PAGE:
Their livelihoods are directly impacted by the work of those elsewhere, including in Telluride, but most of those elsewhere hardly care. The natural component of the place is so visible to and valued by the environmentalists that it blinds them to the other half of the equation. The purported environmentalists were hardly affected by the affairs of their rural county neighbors, but were determined to exert their influence on them. That is, the people dwelling and tangled up in distantly connected places should be allowed center stage in steering the environmental issues the effects of which they feel more strongly than anyone else.
Radical inclusivity in decisionmaking should be necessary at every scale from municipal to global, everywhere from the Arctic to the rural Southwest to Small Island Developing States. We need more of the awareness of activist-artists like Suzan Beraza and Lucy Walker, who transcend the doom-and-gloom scientific documentary to get at deeper and fuller portrayals of complex human-natural subjects. Wallace Stevens says truth comes from a walk around the lake. I wonder, can truth come from breakfast cereals too? One of my earliest memories is eating a bowl of Raisin Bran with my three older brothers one eleven minutes fraternal in our shake-shingle house on Winchester Road.
It was my first day of preschool, and eighteen months prior, my parents had swapped townhome life in Cathedral Heights, Washington D. The taste was irresistible. How could ingredients blend so perfectly well? I marveled. Why were my taste buds so amply in love? Could I feel love? No, not yet. Curiosity came naturally to my unlettered mind, which, early on, had no standard of interpretation really other than taste and sound.
Natural environments had a wonderful way of pacifying me, even amidst my deepest, darkest childhood tantrums. At Pines on the Severn Park, some-twelve minutes, I would crawl, slither and inch around remarkable places: climbing gyms, sand castles, bridges and bollards, and the baseball diamond, just paces from the creeks suffusing my neighborhood. In those days Severn Park was a kind of old hardwood floor: I could listen to it breathe with old footsteps, whispering messages and, in some cases, secrets. In this act I resign to what seems in the bones an uncontrollable certainty.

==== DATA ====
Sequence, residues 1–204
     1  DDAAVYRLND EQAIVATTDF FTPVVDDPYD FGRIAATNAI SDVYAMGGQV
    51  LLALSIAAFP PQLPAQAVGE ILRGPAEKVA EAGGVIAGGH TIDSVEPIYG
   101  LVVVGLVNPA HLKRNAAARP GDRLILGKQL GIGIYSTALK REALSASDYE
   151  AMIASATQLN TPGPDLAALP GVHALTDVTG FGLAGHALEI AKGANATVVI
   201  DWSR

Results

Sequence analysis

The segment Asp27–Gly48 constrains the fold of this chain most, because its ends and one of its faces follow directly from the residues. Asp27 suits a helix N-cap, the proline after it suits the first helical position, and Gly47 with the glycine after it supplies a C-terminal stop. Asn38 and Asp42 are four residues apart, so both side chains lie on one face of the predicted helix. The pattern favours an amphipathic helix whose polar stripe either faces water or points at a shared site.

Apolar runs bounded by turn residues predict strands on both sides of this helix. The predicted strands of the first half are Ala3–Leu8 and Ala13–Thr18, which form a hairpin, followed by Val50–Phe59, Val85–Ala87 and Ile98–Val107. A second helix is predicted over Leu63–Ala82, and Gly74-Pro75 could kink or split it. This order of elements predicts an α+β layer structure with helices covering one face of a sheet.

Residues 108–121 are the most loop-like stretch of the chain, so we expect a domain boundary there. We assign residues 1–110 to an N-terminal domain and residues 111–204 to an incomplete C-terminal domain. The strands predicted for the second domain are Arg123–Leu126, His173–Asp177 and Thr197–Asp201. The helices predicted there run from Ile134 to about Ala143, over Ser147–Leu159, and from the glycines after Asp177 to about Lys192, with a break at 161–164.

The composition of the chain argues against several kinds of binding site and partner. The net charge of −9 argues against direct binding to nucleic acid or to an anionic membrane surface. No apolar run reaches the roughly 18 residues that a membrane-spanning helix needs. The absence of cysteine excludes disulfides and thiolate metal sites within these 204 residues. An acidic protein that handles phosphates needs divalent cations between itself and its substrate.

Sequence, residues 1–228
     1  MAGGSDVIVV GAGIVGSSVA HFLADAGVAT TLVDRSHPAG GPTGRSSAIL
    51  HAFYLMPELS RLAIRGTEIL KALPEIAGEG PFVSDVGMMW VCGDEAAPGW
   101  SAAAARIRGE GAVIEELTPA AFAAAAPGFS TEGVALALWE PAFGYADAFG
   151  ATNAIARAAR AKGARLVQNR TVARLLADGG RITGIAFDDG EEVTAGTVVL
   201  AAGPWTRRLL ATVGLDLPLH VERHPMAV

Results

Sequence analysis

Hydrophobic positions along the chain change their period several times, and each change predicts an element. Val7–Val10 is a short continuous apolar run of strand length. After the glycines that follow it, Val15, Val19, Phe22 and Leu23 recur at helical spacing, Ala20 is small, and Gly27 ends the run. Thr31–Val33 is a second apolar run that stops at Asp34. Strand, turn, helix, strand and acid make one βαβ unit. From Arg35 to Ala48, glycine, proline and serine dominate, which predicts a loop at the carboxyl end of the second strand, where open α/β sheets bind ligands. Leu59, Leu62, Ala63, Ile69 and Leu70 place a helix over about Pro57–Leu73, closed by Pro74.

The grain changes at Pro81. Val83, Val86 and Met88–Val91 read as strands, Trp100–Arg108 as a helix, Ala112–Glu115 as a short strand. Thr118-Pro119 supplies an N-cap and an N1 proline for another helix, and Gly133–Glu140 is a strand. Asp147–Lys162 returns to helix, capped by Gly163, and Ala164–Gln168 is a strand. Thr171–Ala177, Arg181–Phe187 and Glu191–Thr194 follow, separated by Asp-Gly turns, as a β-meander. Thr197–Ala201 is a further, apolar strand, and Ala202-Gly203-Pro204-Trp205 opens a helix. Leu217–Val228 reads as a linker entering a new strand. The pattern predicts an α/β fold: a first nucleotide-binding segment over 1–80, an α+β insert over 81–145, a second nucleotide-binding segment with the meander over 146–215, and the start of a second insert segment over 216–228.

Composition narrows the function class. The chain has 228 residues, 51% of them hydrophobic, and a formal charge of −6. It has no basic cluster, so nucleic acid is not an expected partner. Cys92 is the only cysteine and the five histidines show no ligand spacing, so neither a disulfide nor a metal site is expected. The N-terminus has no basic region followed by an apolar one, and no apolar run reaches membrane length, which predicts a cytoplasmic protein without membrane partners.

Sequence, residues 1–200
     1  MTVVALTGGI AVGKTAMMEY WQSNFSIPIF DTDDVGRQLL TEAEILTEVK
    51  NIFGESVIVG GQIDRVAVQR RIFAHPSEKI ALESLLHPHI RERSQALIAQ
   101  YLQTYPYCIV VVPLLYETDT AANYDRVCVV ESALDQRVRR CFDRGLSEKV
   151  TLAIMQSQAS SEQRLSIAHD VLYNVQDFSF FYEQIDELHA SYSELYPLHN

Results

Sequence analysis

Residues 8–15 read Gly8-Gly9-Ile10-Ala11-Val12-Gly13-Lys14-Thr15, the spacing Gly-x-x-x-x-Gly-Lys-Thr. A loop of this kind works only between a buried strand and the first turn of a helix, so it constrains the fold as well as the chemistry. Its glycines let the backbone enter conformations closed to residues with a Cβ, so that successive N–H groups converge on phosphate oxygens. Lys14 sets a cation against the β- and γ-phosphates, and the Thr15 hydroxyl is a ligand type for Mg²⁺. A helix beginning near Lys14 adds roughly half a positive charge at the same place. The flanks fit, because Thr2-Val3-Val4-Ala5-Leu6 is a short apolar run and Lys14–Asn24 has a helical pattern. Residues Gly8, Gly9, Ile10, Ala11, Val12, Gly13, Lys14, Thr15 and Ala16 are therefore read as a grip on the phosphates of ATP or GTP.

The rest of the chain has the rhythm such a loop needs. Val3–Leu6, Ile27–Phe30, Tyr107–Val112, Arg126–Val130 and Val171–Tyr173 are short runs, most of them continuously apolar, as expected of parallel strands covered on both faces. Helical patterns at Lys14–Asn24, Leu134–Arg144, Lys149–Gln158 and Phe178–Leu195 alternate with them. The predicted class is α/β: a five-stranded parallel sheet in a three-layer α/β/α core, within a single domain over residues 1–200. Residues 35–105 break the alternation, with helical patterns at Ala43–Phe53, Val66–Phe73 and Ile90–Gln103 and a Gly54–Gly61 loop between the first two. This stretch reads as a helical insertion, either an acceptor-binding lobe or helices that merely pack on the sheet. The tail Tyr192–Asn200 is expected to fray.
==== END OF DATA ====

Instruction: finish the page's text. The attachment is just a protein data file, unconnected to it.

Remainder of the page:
It is steam assuming from a limpid cup of tea, from home ground into heaven.
Detroit-born activist and radical culturist Allen Van Newkirk was the first to advocate for bioregionalism, the political-environmental ethic which favors dissolution — in some cases, abandonment — of traditional geopolitical boundaries and supports the establishment of state lines drawn by naturally-occurring topography, hydrology, or ecology. Bioregionalists idealize that the makeup of civil society should be a series of localized, interacting metropoles, whose limits are based on fine- or regional-scale biogeochemical typologies, such as water drainage basins or a mountain range.
I resonate with bioregionalists. Their thought experiment of how to realize a localized bioregional framework for civil-social bodies applied near Cool Spring Creek, on the Severn River in Annapolis, is a fruitful one. Re-framing my hometown within a more comprehensive, Bay-wide bioregion could encourage some of these inner-learning processes across populations of the mid-Atlantic. Further, widespread recognition of connectedness among the six watershed states and the District of Columbia could very well lead to positive conservation and environmental policy on state, even Federal, levels.
Of course, establishing the Chesapeake Bay watershed as a bioregion would require consideration of myriad of possibilities and perspectives. It would be quite hard, for instance, to democratize the effort. Would leaders of this movement remain hip to the preferences or priorities of all cultures currently inhabiting the basin?
I wonder. Would some semblances of the pre-shift economic and lifeway choices be conserved after the shift? And what would the process look like to determine the figures of authority in the context of a natural-mechanical mosaic? And do the opinions of the geology community bear more weight than those of the fishermen, or the fishery?
My college years are settling much like the ash after forest fire. In the face of the heat, I have found myself at once elated by the experience, surprised with my headway. For one, this spring, I found myself at the San Diego airport describing, when asked where I was from, the town of Middlebury. Perhaps somewhere within, I have settled on this place as home.